Meditation

Fitness and strength are not only physical attributes. They are intangibles of a person as well. In order to achieve anything difficult, challenging, truly meaningful, one must be fit and strong where it counts most: your brain.

There are various strategies to achieve and maintain strength in your thought processes, interpretations and the like. One great technique is meditation. Just the word meditation evokes many different things. It can be as simple or complex as you need it to be. For some, 2 hours a day is needed others need only 10 minutes. The goal is the same: clarity, calm, relaxation, focus.

With so many benefits coming from regular meditation and the fact that it can be done anywhere, with no required equipment, there is no reason to not at least try meditating. Studies continue to be published demonstrating the many positive effects of meditation. On a physiological level, mediation appears to reduce inflammatory processes, boost the immune system, reduce stress, depression, and anxiety, promote cortical gray matter regrowth (regrow your brain), slow and prevent neurological aging, and improve focus and attention. That’s quite a few benefits from something you can do outside for 20 minutes a day for free.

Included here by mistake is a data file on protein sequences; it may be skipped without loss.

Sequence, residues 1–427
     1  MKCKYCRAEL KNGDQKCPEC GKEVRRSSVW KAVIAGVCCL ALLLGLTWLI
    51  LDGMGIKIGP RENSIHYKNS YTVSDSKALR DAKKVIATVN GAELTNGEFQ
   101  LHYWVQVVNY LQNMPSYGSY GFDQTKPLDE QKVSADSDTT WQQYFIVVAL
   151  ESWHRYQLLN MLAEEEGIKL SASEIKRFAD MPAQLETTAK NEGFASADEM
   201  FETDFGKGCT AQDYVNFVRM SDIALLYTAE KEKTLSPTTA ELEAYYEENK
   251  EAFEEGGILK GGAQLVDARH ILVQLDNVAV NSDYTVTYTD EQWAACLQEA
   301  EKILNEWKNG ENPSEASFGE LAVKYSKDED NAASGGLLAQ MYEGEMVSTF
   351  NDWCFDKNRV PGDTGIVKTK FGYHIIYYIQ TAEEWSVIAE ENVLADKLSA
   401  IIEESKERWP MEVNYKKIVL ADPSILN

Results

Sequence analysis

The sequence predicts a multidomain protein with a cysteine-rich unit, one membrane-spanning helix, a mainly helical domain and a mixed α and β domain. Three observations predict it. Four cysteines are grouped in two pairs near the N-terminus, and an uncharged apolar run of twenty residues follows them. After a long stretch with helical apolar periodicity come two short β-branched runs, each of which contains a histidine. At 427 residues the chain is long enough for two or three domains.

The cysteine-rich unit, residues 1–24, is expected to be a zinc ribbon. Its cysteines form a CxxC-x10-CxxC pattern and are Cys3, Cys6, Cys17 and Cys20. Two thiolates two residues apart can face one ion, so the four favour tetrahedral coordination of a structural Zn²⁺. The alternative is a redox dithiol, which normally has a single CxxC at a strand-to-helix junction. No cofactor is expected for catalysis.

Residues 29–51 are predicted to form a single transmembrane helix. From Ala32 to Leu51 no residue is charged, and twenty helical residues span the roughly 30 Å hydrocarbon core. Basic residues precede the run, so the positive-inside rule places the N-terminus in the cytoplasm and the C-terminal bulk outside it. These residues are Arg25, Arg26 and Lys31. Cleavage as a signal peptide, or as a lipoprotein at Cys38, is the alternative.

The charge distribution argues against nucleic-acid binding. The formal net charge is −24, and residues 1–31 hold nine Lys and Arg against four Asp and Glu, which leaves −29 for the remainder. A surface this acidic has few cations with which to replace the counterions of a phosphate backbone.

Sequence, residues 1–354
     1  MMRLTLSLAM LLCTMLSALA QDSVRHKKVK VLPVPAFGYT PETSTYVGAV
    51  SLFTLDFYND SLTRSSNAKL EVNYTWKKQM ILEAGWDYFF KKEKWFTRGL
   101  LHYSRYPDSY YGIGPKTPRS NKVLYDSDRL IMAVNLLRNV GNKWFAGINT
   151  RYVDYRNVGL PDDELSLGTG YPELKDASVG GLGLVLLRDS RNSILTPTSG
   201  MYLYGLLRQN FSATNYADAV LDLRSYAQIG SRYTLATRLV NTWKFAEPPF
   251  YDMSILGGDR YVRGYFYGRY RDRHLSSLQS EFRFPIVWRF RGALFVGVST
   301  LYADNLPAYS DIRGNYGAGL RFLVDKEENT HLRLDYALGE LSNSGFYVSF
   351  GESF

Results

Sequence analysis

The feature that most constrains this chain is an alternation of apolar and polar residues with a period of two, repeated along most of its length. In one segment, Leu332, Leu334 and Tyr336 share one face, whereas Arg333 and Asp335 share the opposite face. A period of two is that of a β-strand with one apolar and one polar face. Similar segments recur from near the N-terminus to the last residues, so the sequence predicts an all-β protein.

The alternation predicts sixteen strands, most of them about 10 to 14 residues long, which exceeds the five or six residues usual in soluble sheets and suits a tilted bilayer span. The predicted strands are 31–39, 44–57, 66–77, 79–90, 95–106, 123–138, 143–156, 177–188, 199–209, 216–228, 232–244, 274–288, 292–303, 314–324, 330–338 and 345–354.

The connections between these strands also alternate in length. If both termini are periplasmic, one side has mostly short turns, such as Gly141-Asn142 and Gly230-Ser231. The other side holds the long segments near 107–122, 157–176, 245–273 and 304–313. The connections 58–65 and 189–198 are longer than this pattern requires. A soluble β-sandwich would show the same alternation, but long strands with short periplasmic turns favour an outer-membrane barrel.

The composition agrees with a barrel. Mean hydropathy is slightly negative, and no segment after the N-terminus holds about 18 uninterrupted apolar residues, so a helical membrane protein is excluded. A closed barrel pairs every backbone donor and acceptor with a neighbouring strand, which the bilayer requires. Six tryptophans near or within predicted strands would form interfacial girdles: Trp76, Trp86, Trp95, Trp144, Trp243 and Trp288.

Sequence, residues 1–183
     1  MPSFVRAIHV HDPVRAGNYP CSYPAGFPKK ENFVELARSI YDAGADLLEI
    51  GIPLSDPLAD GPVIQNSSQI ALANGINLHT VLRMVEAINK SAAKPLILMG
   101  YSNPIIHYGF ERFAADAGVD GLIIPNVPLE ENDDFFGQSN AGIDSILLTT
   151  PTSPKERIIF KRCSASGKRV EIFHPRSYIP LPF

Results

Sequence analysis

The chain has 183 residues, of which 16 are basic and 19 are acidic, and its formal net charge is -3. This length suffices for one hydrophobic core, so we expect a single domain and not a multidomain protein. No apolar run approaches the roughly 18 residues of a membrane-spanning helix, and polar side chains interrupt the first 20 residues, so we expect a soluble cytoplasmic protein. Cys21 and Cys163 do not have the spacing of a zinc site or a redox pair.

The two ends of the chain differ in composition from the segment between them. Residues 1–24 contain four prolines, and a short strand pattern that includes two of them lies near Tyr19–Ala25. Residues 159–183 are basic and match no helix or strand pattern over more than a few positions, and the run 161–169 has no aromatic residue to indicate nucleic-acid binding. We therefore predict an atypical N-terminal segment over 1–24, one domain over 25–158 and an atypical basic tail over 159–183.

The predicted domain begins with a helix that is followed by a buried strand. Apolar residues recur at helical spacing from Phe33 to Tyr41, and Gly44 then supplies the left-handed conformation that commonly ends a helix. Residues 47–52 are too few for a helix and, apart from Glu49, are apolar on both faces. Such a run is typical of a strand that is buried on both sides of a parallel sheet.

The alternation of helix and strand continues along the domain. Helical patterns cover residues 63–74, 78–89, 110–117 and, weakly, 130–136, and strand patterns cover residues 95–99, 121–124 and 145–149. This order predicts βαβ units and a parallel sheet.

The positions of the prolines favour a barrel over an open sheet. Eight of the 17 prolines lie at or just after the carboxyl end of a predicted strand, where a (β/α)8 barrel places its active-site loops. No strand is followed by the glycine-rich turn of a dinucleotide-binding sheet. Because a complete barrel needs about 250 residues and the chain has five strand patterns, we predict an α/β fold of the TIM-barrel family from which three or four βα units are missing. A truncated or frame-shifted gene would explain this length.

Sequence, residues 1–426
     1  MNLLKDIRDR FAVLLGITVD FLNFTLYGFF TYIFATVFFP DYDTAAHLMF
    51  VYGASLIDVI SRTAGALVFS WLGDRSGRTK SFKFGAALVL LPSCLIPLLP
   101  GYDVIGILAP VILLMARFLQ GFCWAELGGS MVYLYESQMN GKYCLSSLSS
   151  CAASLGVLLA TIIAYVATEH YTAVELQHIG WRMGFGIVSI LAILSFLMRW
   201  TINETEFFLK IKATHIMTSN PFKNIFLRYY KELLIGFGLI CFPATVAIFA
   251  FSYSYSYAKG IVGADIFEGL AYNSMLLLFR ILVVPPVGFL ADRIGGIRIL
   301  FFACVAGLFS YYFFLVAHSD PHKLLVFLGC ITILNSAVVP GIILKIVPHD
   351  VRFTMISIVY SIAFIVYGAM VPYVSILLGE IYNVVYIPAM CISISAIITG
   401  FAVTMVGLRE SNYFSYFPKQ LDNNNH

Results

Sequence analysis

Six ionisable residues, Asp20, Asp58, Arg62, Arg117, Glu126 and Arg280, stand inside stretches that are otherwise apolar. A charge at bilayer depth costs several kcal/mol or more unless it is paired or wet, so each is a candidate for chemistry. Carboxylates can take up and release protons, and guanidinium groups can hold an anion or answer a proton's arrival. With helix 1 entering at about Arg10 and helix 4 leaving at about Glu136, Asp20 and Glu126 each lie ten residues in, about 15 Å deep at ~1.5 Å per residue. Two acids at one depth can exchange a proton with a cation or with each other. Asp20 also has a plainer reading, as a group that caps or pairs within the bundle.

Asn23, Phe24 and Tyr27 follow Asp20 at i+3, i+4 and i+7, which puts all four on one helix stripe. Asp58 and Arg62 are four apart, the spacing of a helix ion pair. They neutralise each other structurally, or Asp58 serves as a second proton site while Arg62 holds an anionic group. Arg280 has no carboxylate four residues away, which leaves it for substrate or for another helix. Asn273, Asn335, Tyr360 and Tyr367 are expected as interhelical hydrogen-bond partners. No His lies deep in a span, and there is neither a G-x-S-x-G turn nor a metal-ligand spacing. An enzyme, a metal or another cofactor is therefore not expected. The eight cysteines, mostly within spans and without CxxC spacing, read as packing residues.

How do I meditate? You may be asking. It’s simple, but not easy at first. It is generally advised that when first going about developing the habit of meditating you should try for twice a day, for shorter amounts of time, 10-20 minutes. The goal is to achieve total relaxation, clarity, and calmness. Both inside and outside. Your body, your thoughts, everything needs to be aligned, and calm but focused. Meditation is a skill and like any skill, it needs to be developed. You’re first day at the gym wouldn’t be a 2 hour workout, so take the same approach with meditating. Work your way up to it, with shorter more frequent periods. As you get more used to the process, you will “go under” more easily and in less time. Your goal is to “go under” and stay there for as much time as necessary. At first it may take time. In 20 minutes, you may only spend a few minutes “under.” That’s ok. Keep at it.

As with eating, exercise, and so much more: what works for you is the best method. I wake up as early as necessary, to get my 20 or so minutes every morning. I feel better the rest of the day for it. The types of meditation are vast and can all be beneficial, transcendental, kundalini, heart-rhythm, mindfulness, and so much more. Research a few, try a few. Ultimately though, do what works.

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Categories: Aging and Longevity, Strength

Tags: , , , , , , , ,

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